Last Updated on
Finding a veterinarian that both you and your cat are comfortable with should be a top priority for all pet owners. This article will hopefully help new pet owners find the right veterinarian. It is important to put some thought into this as your veterinarian will be an important part of your pet’s life for many years to come.
Well, he should have a good bedside manner with both you and your cat. He should be willing to communicate with you and give you clear and proper explanations as to what he is doing and why.
- A love of cats.
- Be passionate about his job.
- He should be up to date on the latest medical techniques and be continually upgrading his knowledge and skills.
Luckily, most veterinarians do meet the above criteria. But putting in the time to find one who suits you really can not be emphasised enough. If you do not have a good and open rapport with your veterinarian, decisions cannot always be met with all the information you require to do what is best for your cat.
How to find a good veterinarian
Ask friends, neighbours and on local social media groups for recommendations, do a web search for the doctors and look for Google reviews. Does the practice you are considering have a Facebook page? If so, what are the visitors saying?
When getting feedback from other people, questions to ask may include:
- Why do they like this veterinarian?
- How long have they used him?
- Any negatives?
If possible, ask your local vets if it is possible to visit the practice to meet the staff, check out their facilities and find out what services they offer.
Personally, I have my favourite veterinarian, but he doesn’t offer a 24-hour emergency service. However, as I am comfortable with him, and most visits can be done during business hours then I am happy with this. However, it is always important to have a backup emergency vet in the event of a nighttime emergency.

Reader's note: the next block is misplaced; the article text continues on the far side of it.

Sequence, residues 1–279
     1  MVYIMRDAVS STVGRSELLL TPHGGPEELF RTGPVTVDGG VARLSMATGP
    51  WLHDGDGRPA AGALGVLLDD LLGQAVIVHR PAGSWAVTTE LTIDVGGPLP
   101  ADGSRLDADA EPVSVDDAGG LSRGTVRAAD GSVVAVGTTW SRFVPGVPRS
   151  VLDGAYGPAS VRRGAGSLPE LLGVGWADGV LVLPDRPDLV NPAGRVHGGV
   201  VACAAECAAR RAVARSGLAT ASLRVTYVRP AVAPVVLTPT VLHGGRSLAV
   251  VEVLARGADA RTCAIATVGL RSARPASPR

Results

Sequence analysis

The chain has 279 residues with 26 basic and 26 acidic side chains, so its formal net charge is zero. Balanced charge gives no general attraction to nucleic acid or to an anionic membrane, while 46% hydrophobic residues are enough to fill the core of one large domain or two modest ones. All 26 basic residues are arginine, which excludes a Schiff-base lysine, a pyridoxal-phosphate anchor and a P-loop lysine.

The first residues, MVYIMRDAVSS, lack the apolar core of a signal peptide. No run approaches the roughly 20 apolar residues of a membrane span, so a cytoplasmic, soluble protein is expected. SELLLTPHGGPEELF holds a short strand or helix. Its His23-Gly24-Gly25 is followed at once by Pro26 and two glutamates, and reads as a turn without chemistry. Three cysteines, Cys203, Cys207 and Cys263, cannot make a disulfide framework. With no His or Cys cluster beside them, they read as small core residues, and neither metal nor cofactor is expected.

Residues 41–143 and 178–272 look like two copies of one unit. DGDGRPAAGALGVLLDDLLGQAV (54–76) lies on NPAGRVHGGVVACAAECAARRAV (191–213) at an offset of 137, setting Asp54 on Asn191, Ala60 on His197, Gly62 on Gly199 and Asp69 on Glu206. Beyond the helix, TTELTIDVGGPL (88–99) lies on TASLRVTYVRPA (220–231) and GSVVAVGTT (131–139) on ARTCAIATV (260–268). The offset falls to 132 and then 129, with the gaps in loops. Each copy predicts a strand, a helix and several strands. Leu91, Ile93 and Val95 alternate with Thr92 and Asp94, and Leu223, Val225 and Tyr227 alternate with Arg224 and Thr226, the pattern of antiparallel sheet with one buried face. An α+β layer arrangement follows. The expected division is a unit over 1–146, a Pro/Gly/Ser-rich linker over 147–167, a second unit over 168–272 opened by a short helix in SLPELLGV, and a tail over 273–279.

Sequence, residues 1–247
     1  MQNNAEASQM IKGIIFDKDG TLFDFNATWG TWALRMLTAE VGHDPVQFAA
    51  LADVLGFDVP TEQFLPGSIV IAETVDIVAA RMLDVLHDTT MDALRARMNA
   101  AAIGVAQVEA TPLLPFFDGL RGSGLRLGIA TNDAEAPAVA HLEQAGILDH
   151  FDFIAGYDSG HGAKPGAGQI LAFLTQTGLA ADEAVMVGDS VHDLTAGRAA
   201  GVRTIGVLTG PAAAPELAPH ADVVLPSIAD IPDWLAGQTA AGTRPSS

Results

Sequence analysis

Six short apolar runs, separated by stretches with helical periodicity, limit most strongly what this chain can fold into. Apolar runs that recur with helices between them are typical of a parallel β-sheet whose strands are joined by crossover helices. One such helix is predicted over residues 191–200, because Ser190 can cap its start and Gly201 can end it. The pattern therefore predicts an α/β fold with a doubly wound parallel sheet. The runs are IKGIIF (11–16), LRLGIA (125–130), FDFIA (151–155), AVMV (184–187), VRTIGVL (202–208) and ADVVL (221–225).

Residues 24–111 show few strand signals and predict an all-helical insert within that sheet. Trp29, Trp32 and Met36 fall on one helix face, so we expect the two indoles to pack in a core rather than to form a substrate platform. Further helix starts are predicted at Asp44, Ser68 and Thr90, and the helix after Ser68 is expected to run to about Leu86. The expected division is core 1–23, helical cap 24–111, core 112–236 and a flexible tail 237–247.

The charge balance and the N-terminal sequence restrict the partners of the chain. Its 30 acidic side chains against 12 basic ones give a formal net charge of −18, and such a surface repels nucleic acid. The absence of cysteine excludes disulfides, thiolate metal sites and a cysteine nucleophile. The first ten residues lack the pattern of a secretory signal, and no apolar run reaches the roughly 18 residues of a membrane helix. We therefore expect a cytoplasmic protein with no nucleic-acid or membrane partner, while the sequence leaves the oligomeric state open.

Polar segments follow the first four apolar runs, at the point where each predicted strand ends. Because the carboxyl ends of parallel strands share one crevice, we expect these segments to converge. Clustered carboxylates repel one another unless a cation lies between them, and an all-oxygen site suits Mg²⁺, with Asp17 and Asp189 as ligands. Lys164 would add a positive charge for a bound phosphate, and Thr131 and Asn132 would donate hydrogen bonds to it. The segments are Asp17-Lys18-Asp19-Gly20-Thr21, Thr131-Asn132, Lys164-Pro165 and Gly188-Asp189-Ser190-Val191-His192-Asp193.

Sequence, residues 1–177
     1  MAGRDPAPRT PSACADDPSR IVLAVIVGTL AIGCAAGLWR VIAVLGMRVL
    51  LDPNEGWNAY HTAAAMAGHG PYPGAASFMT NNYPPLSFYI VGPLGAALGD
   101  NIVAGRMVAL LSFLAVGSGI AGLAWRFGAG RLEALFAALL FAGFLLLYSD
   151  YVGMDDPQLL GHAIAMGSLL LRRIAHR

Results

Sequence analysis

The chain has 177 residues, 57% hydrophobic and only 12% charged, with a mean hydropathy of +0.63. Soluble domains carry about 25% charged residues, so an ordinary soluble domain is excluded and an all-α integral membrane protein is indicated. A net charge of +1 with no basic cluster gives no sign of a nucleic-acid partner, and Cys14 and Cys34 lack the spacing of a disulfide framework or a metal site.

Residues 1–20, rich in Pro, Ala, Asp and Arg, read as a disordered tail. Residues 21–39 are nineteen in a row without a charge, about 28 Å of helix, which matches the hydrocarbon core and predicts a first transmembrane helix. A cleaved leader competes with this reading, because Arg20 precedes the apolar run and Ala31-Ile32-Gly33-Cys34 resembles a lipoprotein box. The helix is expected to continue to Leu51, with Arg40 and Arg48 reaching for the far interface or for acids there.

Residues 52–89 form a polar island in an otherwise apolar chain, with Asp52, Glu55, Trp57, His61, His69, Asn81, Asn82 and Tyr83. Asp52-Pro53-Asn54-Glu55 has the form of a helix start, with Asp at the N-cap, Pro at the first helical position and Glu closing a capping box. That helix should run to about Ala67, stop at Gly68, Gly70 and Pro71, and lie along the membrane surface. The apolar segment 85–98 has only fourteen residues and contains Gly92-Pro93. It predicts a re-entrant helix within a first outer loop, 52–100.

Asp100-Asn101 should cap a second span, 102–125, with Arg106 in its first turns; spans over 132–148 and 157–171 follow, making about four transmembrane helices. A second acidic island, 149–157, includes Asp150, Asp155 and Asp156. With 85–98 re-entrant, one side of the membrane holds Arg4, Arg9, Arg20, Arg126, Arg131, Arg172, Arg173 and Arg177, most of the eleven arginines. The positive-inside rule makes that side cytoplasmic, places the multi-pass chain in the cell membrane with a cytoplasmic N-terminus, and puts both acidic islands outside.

Once you have shortlisted your choice, pay the surgery a visit to meet the staff. Look at the practice. Does it look clean and sterile? How are the staff? Do they seem friendly and open to communication? Are they approachable?
Is the location convenient for you? What is the parking like? This is certainly a factor but it wouldn’t be a deciding factor. I would prefer to drive 20 – 30kms out of the way to visit a vet I felt comfortable with. But it is something to consider when choosing a veterinarian.
Questions to ask
- Are cats and dogs caged in separate areas?
- Do they offer an emergency/after-hours service?
- Price: Don’t choose your veterinarian based on price alone. Ask if they have payment options, if they accept health insurance for pets, if they take credit cards, cheques etc.
- Opening hours: Check what hours they’re open and if they fit in with your schedule. Ie: if you work full-time, are they open on weekends or do they have extended opening hours on certain days of the week?
- Are appointments required? If so, what happens if you have a medical emergency with your pet?
- What kind of services do they offer? Can they do any in-house tests such as blood work and other diagnostic tests? What about x-rays, ultrasound, do they specialise in any specific treatments?
- Do they specialise in any particular animal? They may or may not, but also if it is a practice with several veterinarians there may be one specific veterinarian at the practice who does have a special interest in your chosen pet (be it cat, dog, ferret etc).
- Do they do house calls for certain procedures such as routine vaccinations? This may not be important to some people but it could be convenient if the owner is disabled or doesn’t own a car.
- If you are a breeder, does the vet offer breeder discounts?
- If you are a breeder and sell your cats desexed, do they perform early desexing?
Ultimately, if you are not happy then find another veterinarian. It is important for both you and your pet(s) to feel comfortable with your vet. Don’t choose a vet on convenience or price alone.